One idea per slide
Especially when bullet points are involved.
Ok, so…this is a slide I recently came across.
The speaker notes that accompany the slides indicate that the message for this slide is “Everyone’s emotional response to having stroke is likely to differ.”. Which is good. It’s one, clear, simple message.
But here’s the thing. The slide is made up of two column lists. One to show the different types of strokes that people suffer from, and the other is a list of things that differentiates individuals from others. AND, there’s a custom animation for this slide. Each bullet point only appears when the presenter clicks the mouse. Which could mean that the presenter either plans to elaborate on each bullet point, or wants to emphasise the fact that there really are quite a few items to consider.
Either way, it’s no longer a slide with just one idea. And that’s a problem. By the time the presenter finally comes around to making her point (after clicking the mouse 21 times), the risks are that the audience may be:
- distracted by a particular item on the list (eg.: “What does SES stand for again?” or “everyone’s goals and dreams are different, in fact, I can remember one time….”
- visually saturated with information – too long a list
- thinking about the column lists instead of thinking about what the presenter is saying
And… the clipart? Well, he looks confused too.
One way to get this message across with a simpler, cleaner design, is to just remove the lists completely (as well as the confused clipart man). I’ve also added a simple, full coloured background using a colour from the default palette similar to the coloured bar on the original design.. No page numbers or headers needed. It’s a presentation – not a document.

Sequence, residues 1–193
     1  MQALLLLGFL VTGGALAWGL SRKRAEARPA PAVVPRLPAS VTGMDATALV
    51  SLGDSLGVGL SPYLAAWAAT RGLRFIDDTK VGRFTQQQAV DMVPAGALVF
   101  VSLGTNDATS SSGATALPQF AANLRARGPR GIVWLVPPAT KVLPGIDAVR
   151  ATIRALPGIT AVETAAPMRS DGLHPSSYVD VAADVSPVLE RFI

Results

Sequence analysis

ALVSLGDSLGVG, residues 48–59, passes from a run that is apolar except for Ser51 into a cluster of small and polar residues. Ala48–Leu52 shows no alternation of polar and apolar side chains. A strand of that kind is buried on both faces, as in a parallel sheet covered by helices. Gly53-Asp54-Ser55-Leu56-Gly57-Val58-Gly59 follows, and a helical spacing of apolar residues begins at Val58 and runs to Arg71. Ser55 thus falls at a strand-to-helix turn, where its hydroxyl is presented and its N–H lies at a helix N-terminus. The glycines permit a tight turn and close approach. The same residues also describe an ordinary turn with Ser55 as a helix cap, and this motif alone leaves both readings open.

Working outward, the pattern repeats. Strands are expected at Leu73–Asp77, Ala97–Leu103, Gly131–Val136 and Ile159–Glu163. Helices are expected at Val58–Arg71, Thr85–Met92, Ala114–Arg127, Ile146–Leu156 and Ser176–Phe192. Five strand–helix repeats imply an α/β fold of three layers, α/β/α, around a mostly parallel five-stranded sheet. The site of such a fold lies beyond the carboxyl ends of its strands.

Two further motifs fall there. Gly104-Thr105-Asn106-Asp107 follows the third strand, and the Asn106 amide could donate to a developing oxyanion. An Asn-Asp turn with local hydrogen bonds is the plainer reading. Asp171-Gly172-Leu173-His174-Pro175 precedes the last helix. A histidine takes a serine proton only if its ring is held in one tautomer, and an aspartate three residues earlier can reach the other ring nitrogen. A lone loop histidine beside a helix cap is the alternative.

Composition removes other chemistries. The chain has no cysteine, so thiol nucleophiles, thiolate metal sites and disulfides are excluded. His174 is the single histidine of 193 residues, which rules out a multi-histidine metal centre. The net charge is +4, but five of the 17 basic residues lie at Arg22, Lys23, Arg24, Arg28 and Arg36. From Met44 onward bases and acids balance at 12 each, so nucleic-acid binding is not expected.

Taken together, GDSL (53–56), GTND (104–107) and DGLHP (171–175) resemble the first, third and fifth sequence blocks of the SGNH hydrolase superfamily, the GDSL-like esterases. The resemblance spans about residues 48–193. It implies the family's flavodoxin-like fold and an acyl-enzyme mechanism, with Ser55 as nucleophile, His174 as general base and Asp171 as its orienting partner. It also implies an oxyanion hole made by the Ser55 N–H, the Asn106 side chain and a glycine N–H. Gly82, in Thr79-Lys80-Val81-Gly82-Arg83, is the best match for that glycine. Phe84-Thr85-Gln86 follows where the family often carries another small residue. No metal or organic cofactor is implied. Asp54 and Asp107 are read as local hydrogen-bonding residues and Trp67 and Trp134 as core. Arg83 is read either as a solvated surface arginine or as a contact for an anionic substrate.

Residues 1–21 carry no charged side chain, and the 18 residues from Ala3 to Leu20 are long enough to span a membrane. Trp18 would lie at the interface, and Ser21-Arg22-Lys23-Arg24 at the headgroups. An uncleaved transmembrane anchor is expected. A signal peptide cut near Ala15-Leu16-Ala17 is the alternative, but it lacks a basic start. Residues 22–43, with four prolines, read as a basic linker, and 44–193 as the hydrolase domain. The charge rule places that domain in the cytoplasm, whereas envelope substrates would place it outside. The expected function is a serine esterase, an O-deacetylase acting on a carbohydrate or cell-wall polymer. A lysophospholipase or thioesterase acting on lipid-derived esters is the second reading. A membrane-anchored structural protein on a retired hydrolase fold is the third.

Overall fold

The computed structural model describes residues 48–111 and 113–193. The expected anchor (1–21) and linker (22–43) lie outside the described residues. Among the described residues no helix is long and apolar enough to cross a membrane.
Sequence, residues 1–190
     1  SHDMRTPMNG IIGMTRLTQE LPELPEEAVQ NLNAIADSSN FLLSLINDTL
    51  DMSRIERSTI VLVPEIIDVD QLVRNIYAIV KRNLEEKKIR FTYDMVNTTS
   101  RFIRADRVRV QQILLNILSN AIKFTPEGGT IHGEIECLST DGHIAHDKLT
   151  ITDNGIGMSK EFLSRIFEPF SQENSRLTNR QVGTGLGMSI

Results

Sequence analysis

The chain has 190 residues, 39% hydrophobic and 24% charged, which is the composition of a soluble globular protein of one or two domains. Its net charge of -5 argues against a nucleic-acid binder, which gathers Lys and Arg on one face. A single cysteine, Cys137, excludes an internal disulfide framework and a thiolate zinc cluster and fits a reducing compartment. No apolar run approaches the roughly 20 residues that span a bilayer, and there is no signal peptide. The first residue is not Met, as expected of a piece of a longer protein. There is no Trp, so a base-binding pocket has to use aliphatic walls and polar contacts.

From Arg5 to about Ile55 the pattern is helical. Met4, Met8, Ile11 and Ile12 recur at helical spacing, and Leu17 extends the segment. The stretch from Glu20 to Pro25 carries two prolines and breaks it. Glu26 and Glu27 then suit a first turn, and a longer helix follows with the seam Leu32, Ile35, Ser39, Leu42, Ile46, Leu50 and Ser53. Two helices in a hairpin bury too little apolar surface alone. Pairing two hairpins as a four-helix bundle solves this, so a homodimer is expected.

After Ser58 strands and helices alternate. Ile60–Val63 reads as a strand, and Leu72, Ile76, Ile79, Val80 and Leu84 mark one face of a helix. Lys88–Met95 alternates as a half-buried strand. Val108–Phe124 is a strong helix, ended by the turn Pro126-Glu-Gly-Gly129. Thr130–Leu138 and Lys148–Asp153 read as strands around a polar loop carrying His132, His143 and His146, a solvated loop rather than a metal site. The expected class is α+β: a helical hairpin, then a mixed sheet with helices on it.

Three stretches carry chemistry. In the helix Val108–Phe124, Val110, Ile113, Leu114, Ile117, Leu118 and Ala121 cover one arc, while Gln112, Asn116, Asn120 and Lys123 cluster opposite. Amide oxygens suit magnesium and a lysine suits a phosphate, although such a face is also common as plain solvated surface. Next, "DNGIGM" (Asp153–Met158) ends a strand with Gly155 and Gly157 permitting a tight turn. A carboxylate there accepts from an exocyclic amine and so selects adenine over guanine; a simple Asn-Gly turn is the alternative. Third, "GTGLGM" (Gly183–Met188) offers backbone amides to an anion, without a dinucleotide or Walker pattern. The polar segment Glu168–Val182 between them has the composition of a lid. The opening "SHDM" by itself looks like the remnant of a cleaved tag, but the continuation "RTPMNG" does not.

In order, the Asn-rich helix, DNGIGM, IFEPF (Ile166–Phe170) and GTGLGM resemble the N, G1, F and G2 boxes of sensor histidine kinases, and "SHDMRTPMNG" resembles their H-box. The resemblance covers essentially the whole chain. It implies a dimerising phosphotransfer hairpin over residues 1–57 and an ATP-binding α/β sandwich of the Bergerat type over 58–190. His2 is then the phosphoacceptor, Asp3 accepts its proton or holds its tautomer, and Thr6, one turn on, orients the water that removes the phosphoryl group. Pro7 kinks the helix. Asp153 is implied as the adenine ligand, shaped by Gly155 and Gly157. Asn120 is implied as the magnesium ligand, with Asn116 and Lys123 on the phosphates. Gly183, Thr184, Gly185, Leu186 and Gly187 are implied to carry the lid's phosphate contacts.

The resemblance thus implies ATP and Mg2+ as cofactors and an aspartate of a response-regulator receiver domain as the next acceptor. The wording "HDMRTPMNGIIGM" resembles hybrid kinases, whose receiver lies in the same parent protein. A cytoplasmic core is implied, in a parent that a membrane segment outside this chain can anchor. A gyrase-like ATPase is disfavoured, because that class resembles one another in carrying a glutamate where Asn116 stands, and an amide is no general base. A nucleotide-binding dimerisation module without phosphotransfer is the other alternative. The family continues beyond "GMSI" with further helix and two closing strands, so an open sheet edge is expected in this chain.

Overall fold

Here, the presenter can quickly share a few examples of the different kinds of strokes.
And here she can talk about how we’re all quite different from each other.
Finally, make the equation. Everyone’s emotional response to having stroke, is likely to differ.
Ok, you might be saying. This is crap. From one slide, you’ve added two more! But here’s the thing. Yes, the number of slides may be more, but the time spent getting the message across clearly, and effectively, is much shorter.
Even if your message is simple, if you share too many things or ideas on a single slide, you run the risk of losing your audience’s attention or diluting your message.
Sure, this may not be the best design, but it’s certainly easier to create (no clipart or list-building needed). It’s just text on a solid background. You can guarantee that the audience is visually fed with very short, simple, words – just enough for them to follow closely what the presenter is saying.
If you have a slide that you’d like me to dissect, would love to hear from you.